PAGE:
For example, Paul Tarn, the CEO of Delta Academies Trust, which operates 52 schools, says: “I think this is a very welcome development from CST. We have standards for headteachers and we should for CEOs, too.”
Meanwhile, Cathy Anwar, chief executive of Summit Learning Trust, which includes four primary and three secondary schools, says consultation is an “essential piece of work” and a timely one.
“There has been much written about how to be a CEO, but nothing definitive that brings together the core expectations and required skills and competencies until now,” she says.
“Coming at this post-pandemic time, this gives reassurance and clarity to boards and to the sector around the key role in our academy system.”
And Rowena Hackwood, chief executive of Astrea Academy Trust, which is formed of 26 academies, says it is “really important” that the role of CEOs is properly discussed and codified, given the huge responsibilities that come with being a MAT CEO.
“The skills needed to be a MAT CEO are very wide-ranging: strategy, financial literacy and oversight, accountability, risk management, quality systems, data and insight and – perhaps the newest area – system building within and beyond the sector.”
Preparing for the future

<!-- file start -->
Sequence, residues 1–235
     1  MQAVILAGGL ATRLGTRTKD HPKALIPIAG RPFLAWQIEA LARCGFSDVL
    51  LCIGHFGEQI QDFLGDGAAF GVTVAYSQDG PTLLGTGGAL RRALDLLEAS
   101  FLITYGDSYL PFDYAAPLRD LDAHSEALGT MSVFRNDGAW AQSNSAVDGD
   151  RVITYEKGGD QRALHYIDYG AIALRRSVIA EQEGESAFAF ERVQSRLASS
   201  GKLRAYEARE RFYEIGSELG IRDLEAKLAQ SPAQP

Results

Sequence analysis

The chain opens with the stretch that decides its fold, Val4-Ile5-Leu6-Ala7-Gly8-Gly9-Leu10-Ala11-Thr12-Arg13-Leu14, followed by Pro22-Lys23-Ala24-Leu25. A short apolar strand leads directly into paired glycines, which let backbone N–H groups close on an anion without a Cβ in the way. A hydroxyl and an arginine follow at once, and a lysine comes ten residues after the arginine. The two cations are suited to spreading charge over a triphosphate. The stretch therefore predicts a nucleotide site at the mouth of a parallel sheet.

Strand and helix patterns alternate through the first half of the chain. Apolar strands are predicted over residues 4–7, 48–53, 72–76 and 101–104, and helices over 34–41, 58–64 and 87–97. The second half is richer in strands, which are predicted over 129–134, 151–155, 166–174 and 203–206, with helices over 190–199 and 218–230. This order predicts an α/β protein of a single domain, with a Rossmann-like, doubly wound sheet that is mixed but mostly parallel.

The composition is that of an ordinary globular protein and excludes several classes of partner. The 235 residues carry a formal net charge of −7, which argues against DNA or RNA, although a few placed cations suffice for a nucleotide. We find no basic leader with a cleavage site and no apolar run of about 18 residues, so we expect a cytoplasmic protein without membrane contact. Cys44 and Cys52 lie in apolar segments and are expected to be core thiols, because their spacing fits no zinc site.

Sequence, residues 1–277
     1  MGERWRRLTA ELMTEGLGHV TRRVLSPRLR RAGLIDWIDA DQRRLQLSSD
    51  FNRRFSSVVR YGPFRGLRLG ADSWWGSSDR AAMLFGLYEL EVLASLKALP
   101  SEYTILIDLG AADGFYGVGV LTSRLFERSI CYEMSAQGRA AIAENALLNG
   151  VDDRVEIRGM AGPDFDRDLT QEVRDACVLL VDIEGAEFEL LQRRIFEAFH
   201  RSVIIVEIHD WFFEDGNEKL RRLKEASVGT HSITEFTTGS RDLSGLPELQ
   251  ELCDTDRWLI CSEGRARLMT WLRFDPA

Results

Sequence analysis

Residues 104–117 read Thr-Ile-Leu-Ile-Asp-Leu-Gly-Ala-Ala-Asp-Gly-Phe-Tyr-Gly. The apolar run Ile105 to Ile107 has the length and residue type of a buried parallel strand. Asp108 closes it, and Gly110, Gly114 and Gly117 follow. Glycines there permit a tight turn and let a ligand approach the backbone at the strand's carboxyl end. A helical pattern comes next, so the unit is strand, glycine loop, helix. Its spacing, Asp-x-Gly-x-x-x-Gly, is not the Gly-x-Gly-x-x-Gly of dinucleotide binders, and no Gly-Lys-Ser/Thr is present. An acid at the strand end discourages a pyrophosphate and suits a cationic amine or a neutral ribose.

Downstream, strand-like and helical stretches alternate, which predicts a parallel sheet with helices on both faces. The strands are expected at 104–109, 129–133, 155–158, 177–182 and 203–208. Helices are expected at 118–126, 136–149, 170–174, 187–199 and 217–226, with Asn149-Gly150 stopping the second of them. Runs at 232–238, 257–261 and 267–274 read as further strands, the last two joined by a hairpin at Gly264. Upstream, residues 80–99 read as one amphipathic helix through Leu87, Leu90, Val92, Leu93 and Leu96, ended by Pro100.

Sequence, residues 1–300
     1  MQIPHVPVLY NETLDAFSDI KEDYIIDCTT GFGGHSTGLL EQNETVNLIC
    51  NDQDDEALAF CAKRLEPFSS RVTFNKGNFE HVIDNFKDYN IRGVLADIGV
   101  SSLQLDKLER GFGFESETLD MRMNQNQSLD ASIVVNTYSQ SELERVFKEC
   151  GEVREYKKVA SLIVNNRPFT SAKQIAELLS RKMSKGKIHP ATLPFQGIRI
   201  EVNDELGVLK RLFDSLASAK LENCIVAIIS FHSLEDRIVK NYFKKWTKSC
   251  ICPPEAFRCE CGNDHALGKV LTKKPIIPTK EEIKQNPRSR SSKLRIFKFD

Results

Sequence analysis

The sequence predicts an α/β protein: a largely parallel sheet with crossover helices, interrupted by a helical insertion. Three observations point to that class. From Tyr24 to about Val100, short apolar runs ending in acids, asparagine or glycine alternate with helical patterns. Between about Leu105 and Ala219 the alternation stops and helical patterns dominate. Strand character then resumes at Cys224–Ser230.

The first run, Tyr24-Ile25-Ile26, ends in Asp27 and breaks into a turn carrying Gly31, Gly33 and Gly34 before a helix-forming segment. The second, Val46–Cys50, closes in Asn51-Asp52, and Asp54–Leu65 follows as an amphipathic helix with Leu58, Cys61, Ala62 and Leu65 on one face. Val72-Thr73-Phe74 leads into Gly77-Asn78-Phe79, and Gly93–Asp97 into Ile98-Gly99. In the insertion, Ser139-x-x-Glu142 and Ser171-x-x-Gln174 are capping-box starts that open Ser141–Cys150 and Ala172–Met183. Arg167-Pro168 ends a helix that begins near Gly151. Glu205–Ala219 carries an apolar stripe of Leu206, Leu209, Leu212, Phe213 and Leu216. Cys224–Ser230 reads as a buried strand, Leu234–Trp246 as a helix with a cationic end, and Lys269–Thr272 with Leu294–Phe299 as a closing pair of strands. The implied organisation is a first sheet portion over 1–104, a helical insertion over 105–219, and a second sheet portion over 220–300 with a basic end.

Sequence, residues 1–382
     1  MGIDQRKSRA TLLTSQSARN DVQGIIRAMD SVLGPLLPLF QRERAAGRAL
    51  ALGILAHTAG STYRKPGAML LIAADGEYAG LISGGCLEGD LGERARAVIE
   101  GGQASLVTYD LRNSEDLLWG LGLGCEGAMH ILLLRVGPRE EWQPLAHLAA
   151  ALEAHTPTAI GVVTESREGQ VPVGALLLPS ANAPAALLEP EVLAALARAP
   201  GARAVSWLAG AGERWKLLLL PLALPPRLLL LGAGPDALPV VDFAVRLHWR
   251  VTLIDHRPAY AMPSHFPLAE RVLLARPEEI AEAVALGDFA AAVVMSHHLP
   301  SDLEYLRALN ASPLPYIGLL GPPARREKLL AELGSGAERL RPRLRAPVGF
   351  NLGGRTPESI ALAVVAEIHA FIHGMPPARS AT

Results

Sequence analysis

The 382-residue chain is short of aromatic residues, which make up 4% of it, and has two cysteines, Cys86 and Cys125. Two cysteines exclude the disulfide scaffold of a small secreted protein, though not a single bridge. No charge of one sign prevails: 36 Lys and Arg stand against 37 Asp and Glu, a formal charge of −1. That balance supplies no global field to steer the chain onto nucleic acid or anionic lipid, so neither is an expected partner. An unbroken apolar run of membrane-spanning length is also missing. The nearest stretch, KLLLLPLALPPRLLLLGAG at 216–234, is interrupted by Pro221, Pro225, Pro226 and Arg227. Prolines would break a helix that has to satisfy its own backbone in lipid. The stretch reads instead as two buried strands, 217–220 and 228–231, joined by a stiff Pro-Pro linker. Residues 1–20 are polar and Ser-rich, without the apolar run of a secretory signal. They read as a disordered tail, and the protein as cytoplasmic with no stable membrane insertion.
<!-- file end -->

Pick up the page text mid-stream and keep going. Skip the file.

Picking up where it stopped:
So why now? For Cruddas, it comes down to ensuring that there is great clarity in the sector about what CEOs do – no small point when you consider the number of teachers and pupils who are ultimately affected by their decisions.
“There is possibly a view in the sector that because of where trusts have come from, as they’ve mostly grown out of a single "outstanding" school where the head becomes CEO of a trust, there may be an erroneous view that the role of CEO is ‘head teacher plus’, [but] it really is not – it has an entirely different statutory and regulatory basis.”
What's more, with the growth of academies expected to continue, she says the principles will help any new trusts that emerge to ensure that any CEO knows the details of their role – a point that Tarn makes, too, with regard to the potential future growth of academies.
“Through Covid, there has been broad agreement of the benefits and importance of being in a strong trust and there is likely to be a real move of small trusts and single academy trusts into larger trusts, and of more local authority schools becoming academies,” he says.
“That brings even greater responsibility to the CEO role.”
A second key point for Cruddas is that doing this work now will ensure that the next generation of MAT CEOs know what is expected of them and boards know what skills applicants should have as and when they take over – something that was not such an issue 10 years ago.
“Because [the CEO role] is quite an emergent role, it is still mostly being done by first-generation CEOs who stepped into the role and started to define it [on the job],” she says, echoing the point made by Sir David.
“But codifying what the job is now is important in succession planning and spotting talent, so you know how to develop the next generation of CEOs,” says Cruddas.
Tom Rees, the executive director of school leadership organisation Ambition Institute who worked with the CST on the consultation, agrees that getting this aligned now will be hugely helpful to ensure a smooth transition between CEOs in the years ahead.